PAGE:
Sen. John McCain, R-Ariz., who was tortured as a prisoner during the Vietnam War, said the Senate would need the same commitment from Haspel as Pompeo gave to comply with the Army Field Manual’s rules for interrogation. He called the decision to torture prisoners after the terror attacks on Sept. 11, 2001, “dangerously misguided” and said the techniques are clearly banned now.

“The torture of detainees in U.S. custody during the last decade was one of the darkest chapters in American history,” McCain said. “Ms. Haspel needs to explain the nature and extent of her involvement in the CIA’s interrogation program during the confirmation process.”

But Sen. Ron Wyden of Oregon, the top Democrat on the Intelligence Committee, said he opposes Haspel to head the CIA. “Ms. Haspel’s background makes her unsuitable to serve as CIA director,” he said. “If Ms. Haspel seeks to serve at the highest levels of U.S. intelligence, the government can no longer cover up disturbing facts from her past.”

Sen. Tammy Duckworth, D-Ill., voted against Pompeo’s nomination and said “Haspel has done much worse.”

“Not only did she directly supervise the torture of detainees, but she also participated in covering it up by helping to destroy the video evidence,” said Duckworth, an Iraq war veteran and Purple Heart recipient. “Her reprehensible actions should disqualify her from having the privilege of serving the American people in government ever again.”

The month she became deputy director, Wyden and Sen. Martin Heinrich, D-N.M., raised questions about Haspel drafting the cable that called for destruction of taped CIA interrogations. They’re still waiting for answers. “Her nomination must include total transparency about this background, which I called for more than a year ago when she was appointed deputy director,” Wyden said.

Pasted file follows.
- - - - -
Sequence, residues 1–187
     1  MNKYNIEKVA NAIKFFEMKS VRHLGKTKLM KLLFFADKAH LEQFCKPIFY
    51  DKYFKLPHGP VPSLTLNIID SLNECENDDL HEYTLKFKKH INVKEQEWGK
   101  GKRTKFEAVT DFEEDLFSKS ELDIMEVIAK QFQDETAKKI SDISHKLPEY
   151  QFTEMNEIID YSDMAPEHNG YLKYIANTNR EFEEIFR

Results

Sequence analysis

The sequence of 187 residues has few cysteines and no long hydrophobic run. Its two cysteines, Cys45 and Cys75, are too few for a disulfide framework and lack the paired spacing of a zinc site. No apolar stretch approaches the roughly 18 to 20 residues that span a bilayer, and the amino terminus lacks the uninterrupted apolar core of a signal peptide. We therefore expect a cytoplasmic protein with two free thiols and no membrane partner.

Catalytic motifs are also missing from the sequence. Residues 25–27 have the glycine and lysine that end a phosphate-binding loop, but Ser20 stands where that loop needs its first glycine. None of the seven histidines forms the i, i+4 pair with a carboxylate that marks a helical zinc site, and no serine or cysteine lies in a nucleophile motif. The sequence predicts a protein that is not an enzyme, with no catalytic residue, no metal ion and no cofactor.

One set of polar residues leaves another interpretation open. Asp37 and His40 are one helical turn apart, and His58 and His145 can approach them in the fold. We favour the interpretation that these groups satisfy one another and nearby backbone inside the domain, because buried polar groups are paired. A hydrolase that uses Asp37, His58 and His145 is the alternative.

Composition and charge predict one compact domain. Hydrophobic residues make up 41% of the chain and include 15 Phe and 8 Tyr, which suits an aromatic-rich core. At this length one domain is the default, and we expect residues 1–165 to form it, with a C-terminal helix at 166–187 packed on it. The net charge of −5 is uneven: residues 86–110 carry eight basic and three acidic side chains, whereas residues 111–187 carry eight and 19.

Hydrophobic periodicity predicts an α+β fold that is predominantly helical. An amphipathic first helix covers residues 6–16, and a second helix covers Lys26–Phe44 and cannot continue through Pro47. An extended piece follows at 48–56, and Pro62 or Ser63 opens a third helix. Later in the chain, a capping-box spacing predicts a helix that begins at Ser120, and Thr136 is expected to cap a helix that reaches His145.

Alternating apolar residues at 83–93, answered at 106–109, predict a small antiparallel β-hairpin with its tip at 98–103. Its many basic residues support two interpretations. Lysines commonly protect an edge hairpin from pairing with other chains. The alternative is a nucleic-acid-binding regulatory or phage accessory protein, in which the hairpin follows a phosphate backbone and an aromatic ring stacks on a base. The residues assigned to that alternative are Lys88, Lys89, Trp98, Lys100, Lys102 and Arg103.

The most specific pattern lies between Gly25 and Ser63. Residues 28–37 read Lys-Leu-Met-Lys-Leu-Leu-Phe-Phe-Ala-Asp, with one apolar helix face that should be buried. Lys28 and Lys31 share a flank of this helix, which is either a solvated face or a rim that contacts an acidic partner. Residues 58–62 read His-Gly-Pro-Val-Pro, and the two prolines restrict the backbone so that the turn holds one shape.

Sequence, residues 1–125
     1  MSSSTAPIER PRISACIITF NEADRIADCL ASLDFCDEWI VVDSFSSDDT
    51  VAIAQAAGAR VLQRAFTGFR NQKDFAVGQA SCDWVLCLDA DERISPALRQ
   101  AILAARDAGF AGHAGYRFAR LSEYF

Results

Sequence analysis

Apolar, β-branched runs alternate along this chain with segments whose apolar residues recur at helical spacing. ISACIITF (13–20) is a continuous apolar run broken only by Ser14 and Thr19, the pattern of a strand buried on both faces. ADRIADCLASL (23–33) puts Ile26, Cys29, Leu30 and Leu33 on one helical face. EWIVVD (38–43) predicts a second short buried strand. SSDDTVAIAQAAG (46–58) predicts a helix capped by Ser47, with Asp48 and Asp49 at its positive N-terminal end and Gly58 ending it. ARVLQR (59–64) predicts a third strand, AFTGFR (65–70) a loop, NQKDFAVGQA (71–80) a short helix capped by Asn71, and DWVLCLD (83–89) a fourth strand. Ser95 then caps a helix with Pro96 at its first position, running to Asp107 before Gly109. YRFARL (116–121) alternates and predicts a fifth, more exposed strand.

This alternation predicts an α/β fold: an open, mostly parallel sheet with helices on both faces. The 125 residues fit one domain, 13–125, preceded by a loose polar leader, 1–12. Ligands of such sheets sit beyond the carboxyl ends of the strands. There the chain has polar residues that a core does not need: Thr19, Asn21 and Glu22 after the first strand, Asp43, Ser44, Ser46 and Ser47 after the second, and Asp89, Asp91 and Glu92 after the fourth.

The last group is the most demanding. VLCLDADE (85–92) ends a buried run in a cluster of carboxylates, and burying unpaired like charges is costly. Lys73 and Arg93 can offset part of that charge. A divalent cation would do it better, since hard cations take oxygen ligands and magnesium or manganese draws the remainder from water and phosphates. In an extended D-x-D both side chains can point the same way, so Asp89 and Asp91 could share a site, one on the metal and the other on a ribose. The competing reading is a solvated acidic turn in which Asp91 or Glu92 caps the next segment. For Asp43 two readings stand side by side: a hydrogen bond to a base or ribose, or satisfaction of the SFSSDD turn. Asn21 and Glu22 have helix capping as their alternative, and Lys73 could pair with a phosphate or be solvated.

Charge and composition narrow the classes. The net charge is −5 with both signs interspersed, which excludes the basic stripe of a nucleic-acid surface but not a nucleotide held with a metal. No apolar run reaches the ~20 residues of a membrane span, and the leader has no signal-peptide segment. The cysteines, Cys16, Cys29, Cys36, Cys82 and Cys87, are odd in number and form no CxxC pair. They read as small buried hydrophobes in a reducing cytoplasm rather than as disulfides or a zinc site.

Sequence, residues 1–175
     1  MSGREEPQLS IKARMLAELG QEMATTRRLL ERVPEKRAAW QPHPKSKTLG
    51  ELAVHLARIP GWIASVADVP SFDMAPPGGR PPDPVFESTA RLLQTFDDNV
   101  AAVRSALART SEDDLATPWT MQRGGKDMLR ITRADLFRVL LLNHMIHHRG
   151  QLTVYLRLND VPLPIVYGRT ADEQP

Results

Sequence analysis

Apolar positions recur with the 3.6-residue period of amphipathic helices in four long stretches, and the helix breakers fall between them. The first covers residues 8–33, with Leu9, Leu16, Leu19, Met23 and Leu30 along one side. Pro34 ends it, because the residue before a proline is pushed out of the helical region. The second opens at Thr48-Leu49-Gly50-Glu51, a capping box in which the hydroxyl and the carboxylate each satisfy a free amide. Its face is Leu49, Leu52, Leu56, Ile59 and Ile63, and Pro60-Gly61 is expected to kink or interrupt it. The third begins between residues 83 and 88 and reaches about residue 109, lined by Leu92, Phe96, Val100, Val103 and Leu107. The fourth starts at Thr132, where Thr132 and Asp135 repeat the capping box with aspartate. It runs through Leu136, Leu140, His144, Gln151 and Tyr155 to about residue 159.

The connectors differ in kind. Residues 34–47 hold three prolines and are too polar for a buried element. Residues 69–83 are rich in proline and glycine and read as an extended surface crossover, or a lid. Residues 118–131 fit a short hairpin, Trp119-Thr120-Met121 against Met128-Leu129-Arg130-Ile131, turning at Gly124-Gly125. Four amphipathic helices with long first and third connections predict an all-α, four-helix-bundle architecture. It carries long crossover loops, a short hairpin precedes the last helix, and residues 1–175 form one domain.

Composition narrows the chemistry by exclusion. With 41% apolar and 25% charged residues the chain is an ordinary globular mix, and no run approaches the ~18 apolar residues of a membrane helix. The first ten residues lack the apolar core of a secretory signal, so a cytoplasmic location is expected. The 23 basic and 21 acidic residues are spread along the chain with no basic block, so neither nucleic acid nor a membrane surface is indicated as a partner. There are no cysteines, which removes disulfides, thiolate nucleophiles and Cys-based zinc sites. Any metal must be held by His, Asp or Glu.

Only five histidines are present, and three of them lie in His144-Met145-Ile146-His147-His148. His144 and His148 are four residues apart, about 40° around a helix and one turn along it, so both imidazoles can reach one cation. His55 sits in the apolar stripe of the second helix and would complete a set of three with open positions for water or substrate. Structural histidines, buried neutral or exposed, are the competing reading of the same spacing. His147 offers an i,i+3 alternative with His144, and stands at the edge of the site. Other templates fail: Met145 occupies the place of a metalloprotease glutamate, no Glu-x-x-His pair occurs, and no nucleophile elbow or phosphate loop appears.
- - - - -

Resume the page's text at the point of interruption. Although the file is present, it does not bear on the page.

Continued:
The European Center for Constitutional and Human Rights filed a legal intervention with German prosecutors last year calling for an arrest warrant for Haspel for her role in torturing detainees in Thailand.

“Those who commit, order or allow torture should be brought before a court — this is especially true for senior officials from powerful nations,” Wolfgang Kaleck, the group’s general secretary, said in filing the documents in June 2017. “The prosecutor must, under the principle of universal jurisdiction, open investigations, secure evidence and seek an arrest warrant. If the deputy director travels to Germany or Europe, she must be arrested.”

Before rising to deputy director, Haspel served overseas as chief of station in several assignments for the agency. Back in Washington, she became deputy director of the clandestine service, deputy director of the clandestine service for foreign intelligence and covert action and chief of staff for the service’s director.

She received the George H.W. Bush Award for excellence in counterterrorism, the Donovan Award, the Intelligence Medal of Merit and the Presidential Rank Award, the most prestigious award in the civil service.

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By S.K.